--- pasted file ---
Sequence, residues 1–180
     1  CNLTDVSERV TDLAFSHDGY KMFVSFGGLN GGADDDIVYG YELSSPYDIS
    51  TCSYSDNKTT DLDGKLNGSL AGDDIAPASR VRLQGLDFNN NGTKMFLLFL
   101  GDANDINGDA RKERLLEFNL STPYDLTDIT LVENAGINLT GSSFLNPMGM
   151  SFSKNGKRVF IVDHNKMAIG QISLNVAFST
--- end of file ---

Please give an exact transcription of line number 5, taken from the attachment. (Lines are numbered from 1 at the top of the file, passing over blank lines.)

   151  SFSKNGKRVF IVDHNKMAIG QISLNVAFST